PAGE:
Looking for Its Luther

Although it may not have felt like it, September 11 was just fallout. According to Reza Aslan, the West, with its great commercial center in downtown New York City, was “merely a bystander” in an ongoing conflict raging within Islam. This struggle has left a crater at the center of his religion that is so huge its creation generated a cloud of dust that we mistook for—and misnamed—the epicenter. In short, we’ve all been wrong about the location of ground zero.

Referring to 9/11 as fallout, or implying that Islam itself was in some ways more damaged by the attacks than the United States, does not minimize the tragedy of the day. Aslan, a doctoral candidate in religion at the University of California, Santa Barbara, knows well that thousands of dead cannot be considered collateral damage. And for this very reason, neither can the attacks be understood as jihad: Islam’s own highly regulated guidelines for “just war.” It is precisely because the attacks were so indiscriminate, says Aslan, that they were “roundly condemned” and unsanctioned within a Muslim world that takes seriously the requirements laid out in the Qur’an for jihad. Aslan belongs to this Muslim world, and No god but God is his explanation to the West, an apology and defense of his faith, and a “critical reexamination” of Islam that is as soulful as it is smart.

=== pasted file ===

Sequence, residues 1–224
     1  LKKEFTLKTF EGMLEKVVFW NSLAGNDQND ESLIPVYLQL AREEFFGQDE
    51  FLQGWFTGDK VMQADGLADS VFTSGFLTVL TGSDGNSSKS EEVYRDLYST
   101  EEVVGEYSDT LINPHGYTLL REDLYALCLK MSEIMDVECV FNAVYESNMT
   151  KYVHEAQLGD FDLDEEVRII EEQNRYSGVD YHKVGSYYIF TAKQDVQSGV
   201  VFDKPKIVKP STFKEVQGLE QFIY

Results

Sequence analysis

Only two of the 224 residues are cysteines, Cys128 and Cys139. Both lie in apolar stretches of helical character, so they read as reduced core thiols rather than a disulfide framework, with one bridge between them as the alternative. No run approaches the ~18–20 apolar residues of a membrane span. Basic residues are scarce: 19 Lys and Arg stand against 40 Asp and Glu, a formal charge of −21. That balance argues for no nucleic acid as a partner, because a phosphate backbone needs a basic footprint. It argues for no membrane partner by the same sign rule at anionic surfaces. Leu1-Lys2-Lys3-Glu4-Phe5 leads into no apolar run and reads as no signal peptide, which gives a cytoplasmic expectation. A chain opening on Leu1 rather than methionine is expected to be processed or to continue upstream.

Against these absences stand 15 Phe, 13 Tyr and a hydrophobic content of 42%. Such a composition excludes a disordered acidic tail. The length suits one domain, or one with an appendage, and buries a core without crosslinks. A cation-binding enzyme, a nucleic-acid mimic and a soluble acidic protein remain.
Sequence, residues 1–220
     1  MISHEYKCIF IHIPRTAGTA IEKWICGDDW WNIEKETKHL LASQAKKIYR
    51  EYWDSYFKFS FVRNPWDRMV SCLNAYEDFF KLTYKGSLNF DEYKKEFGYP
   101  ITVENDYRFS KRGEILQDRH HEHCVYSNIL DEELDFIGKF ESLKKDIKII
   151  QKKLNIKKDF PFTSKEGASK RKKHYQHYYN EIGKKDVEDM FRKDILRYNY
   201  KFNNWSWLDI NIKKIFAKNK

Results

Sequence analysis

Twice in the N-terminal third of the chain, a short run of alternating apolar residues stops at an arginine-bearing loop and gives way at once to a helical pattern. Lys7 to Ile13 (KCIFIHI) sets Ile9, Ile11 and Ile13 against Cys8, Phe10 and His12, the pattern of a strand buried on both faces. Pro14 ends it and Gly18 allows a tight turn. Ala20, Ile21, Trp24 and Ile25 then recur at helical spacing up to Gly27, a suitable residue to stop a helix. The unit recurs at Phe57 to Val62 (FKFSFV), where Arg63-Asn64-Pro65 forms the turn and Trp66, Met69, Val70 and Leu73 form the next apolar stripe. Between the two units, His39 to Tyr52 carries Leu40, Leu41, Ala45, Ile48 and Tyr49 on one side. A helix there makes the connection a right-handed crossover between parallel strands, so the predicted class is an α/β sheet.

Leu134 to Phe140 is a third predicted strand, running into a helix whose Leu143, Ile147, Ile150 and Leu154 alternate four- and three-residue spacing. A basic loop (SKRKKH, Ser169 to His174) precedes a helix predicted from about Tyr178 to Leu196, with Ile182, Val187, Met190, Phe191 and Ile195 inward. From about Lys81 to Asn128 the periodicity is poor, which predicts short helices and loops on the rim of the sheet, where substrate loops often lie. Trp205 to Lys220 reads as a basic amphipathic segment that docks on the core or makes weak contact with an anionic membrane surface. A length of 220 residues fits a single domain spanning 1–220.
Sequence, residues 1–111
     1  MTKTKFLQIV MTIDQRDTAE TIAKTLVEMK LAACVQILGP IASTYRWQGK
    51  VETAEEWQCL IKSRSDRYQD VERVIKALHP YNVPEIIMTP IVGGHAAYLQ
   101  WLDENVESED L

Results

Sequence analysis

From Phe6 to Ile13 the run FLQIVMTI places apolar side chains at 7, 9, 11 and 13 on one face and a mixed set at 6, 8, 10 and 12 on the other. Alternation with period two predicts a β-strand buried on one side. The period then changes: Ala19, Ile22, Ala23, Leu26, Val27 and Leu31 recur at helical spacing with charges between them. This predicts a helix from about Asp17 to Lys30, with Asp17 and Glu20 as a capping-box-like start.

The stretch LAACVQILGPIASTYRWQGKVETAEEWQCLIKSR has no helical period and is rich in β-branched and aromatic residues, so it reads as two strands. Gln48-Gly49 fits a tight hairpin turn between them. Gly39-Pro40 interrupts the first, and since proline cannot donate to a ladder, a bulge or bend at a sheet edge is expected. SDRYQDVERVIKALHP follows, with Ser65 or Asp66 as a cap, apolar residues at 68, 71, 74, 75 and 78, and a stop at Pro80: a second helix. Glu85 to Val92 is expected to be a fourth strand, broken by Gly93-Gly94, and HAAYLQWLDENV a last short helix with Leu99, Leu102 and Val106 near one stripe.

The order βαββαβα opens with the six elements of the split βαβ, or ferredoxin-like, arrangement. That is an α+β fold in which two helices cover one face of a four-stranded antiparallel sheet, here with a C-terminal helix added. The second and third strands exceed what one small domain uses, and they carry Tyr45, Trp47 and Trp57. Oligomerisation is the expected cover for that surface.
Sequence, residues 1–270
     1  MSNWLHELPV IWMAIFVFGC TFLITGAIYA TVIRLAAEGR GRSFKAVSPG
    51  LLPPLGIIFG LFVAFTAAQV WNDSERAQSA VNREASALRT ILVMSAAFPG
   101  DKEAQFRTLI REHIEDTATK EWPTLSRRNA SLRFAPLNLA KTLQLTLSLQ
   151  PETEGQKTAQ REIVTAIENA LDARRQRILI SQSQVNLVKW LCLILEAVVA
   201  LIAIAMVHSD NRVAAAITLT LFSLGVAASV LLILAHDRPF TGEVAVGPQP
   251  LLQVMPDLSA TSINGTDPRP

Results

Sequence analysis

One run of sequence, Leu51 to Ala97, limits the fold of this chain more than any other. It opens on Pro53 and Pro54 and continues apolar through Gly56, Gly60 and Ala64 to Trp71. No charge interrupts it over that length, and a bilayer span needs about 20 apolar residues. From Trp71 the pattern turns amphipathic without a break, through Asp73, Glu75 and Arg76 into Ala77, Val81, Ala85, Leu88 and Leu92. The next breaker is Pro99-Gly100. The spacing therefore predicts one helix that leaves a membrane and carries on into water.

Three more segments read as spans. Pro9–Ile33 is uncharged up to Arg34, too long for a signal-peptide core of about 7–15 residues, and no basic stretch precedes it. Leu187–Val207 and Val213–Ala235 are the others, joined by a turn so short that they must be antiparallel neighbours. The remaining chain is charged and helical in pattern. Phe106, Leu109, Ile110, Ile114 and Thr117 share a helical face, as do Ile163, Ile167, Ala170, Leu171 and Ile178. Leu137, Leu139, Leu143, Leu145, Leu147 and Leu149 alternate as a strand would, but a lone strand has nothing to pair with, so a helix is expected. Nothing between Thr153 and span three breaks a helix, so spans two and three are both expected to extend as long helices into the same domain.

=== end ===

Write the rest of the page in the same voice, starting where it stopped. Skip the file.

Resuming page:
More than any other idea, event, era, or person discussed in his thorough and engaging history of Islam, jihad is Aslan’s focus—no doubt because the concept entered the Western consciousness mostly by way of 9/11. The terrorists were widely called jihadists in the Western media, and with this book, the author has attempted a kind of reclamation project. To this end, Aslan develops a verbal tic, a sort of religious stammer over his favorite word: strive. Through the power of sheer repetition, Aslan hammers home the primary religious meaning of jihad—an internal striving or struggle, as the Qur’an puts it, “in the way of God.”

By Aslan’s account, good Muslims have always been strivers, beginning, of course, with the prophet Muhammad. And while any history of Islam will be bloody, like histories of Christianity or Judaism, Buddhism or Taoism—“every religion,” Aslan avers—he is clear that there is nothing holy about the kind of violence that has been identified by some Muslims as jihad. Aslan writes, “There are a host of words in Arabic that can be definitively translated as ‘war’; jihad is not one of them.”

The West is wrong to see Muslims as murderers and not strivers, Aslan contends. Those who murder are misguided sinners. The prophet Muhammad never would have approved. In Aslan’s history, Islam takes the shape of a single embattled soul engaged in the internal religious struggle that characterizes “the greater jihad.”

If Islam itself is currently engaged in this greater jihad, then who are the combatants? On the one hand, there are Al Qaeda and other radical, revolutionary Wahhabist organizations (sects founded by Muhammad ibn Abd al-Wahhab). They divide the world into “the People of Heaven” and “the People of Hell” and interpret the first pillar of Islam, “There is no god but God,” in a puritanical sense, that God alone should be the object of religious devotion. Muslims who do not share these beliefs are to be killed as infidels. For these religious reactionaries, the rule of God is the only rule; to separate religion and politics makes no sense. These Muslim have made themselves well known throughout the West by very clearly identifying their enemies, often with bombs.